Keeping fit in the winter isn't the easiest - the nights are long, it's cold all the time and all the roads are buried under leaves and grit, which apparently puts some people off riding. At times when going outside on your bike is less appealing, new activities will keep you mentally and physically fresh.
Cross-training means combining different sports with your cycling to help improve your performance. only riding your bike can lead to imbalances in your body; overworked muscles become stronger and larger while others not worked will shrink and weaken, which can cause injury.
A great way to engage these under used muscles is incorporating Cross-training in to your off season. For example, cyclists often have strong and tight abdominals and hip flexors due riding in a bent-over position, which means the hamstrings and lower back muscles become long and weak. Exercise that works your body in a different way will help to balance this out and may prevent injury occurring.
Cycling is a non-weight-bearing sport. Repeated load-bearing, such as running or lifting weights, help increase bone density, which strengthens the bones and reduces likelihood of osteoporosis. Cyclists who do no load-bearing exercise may suffer low bone-density, so doing some is a good idea.
However, what is a disadvantage to some may be an advantage to others and many people cycle for the very reason that it is non-weight-bearing. If you have injuries that are aggravated by weight-bearing activities, only do those that don't cause you any pain or problems.
Also, if you're worried about a lack of time for your regular long rides during the short days, doing other sports or specific sessions can help. It's much easier to find time for a short run than a long bike session. These will not only have muscular benefits but will allow you to maintain your cardio fitness with similar intensities as you would on the bike.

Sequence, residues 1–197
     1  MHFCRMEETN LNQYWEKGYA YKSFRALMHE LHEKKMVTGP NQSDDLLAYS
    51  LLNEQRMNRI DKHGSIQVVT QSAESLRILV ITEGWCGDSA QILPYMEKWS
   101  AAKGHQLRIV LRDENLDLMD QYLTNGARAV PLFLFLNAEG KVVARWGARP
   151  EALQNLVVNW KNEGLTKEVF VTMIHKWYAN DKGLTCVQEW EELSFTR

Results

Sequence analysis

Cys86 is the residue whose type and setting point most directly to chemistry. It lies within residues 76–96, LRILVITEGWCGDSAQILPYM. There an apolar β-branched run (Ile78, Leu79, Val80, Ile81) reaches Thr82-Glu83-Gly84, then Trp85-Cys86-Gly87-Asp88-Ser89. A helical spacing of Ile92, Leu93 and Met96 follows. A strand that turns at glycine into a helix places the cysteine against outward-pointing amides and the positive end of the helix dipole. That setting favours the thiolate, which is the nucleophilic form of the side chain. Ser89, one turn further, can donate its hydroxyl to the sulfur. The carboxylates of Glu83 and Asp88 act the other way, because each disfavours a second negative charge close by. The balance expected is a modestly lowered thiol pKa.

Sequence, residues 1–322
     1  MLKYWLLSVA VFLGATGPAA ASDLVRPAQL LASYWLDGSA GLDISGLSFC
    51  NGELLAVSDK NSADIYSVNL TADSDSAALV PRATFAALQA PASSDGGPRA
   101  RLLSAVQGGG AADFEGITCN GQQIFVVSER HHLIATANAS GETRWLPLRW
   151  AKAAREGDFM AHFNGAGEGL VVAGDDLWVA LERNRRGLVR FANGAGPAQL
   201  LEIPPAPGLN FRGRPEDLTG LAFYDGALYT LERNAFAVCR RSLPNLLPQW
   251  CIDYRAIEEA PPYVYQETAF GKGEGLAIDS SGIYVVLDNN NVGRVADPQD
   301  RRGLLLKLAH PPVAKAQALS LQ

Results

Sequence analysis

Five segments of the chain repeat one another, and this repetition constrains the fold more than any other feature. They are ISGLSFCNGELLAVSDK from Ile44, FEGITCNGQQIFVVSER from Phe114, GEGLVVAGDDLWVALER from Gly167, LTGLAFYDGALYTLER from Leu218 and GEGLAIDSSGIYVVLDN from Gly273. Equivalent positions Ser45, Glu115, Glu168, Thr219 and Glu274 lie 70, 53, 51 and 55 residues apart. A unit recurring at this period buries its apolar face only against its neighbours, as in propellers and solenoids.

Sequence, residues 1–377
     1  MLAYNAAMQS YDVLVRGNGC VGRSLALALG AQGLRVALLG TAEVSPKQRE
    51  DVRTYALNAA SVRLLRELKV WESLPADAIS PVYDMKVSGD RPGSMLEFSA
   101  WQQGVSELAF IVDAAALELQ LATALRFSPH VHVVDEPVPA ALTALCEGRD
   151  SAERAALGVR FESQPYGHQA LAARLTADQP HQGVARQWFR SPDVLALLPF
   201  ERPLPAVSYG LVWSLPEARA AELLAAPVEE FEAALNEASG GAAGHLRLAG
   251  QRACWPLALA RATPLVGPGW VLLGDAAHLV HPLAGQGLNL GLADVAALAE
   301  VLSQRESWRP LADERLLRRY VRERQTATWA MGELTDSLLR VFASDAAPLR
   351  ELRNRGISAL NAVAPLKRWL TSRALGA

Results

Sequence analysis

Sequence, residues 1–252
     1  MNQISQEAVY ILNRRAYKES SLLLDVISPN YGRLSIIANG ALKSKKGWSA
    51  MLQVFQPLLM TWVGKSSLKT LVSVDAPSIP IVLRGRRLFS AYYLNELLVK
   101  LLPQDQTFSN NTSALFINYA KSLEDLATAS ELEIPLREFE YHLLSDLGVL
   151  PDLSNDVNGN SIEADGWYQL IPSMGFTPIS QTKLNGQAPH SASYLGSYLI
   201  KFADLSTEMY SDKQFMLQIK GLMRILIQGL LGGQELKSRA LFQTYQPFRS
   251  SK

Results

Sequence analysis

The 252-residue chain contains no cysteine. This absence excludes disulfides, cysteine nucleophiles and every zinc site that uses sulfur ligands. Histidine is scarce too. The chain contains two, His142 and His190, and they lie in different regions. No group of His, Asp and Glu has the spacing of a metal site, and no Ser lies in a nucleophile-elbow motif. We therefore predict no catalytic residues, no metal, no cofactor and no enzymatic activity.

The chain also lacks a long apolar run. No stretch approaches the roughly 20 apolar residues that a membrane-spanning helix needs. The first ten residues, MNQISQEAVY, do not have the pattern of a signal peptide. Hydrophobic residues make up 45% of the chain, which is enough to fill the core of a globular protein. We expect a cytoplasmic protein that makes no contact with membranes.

Here are a few cross-training suggestions to try.
Strength & Conditioning
Strength training will make you stronger, faster, fitter, and just plain happier on your bike. Plus, it will help you ride longer with less pain
Its a simple equation, power = cadence multiplied by torque. Seeing as each rider's cadence on the bike tends to stay within a self-selected range, normally between 80-100rpm, the most effective way to increase your power is to put more force through the pedals at the same cadence. Weight training increases the force with which your muscles can contract. More force = more power = more speed. However, weight training doesn't just mean pumping iron in the gym, and there are many ways you can improve muscle power without taking out a gym membership.
Running is a great way to cram in a workout when you don't have time for a long ride or need to travel without your bike. It helps maintain aerobic fitness, keeps you in top climbing shape during the off-season, strengthens bone density and helps to maintain or even loses weight.
You can do these forms of resistance strength-training anywhere with no extra equipment.
Yoga improves your strength, flexibility, endurance, and focus, so you'll be comfortable for longer days on the bike. You'll also learn to focus your breath, which helps you breathe better on the bike. Pilates hones in on your core, which is crucial for coming out of every ride with a smile instead of a backache.
Not only is swimming a great way to stay fit throughout a cycling injury, but it also works as strength-training and cardio activity.
Swimming can help you build a strong core and lengthen your hip flexors, as well as increase your range of motion and breathing capacity. It's fairly easy on your body
Off Road Cycling
Finally, if you really don't want to give up the bike and with the benefits of cross training why not try riding off road. It gives a much more interval style workout than road cycling. This gives you a great top end hit at sudden steep climbs or slogs in the mud to help boost strength and power. As well as helping to improve pedal efficiency, bike handling it's a total body work out as you will be using your upper body to soak up lumps and bumps, lift your front wheel over trail obstacles and to gain extra power on steep climbs. Having to constantly shift your weight and centre of gravity to maintain traction and balance will challenge your trunk muscles in a way you will never experience on the road.
by Pip Jenkins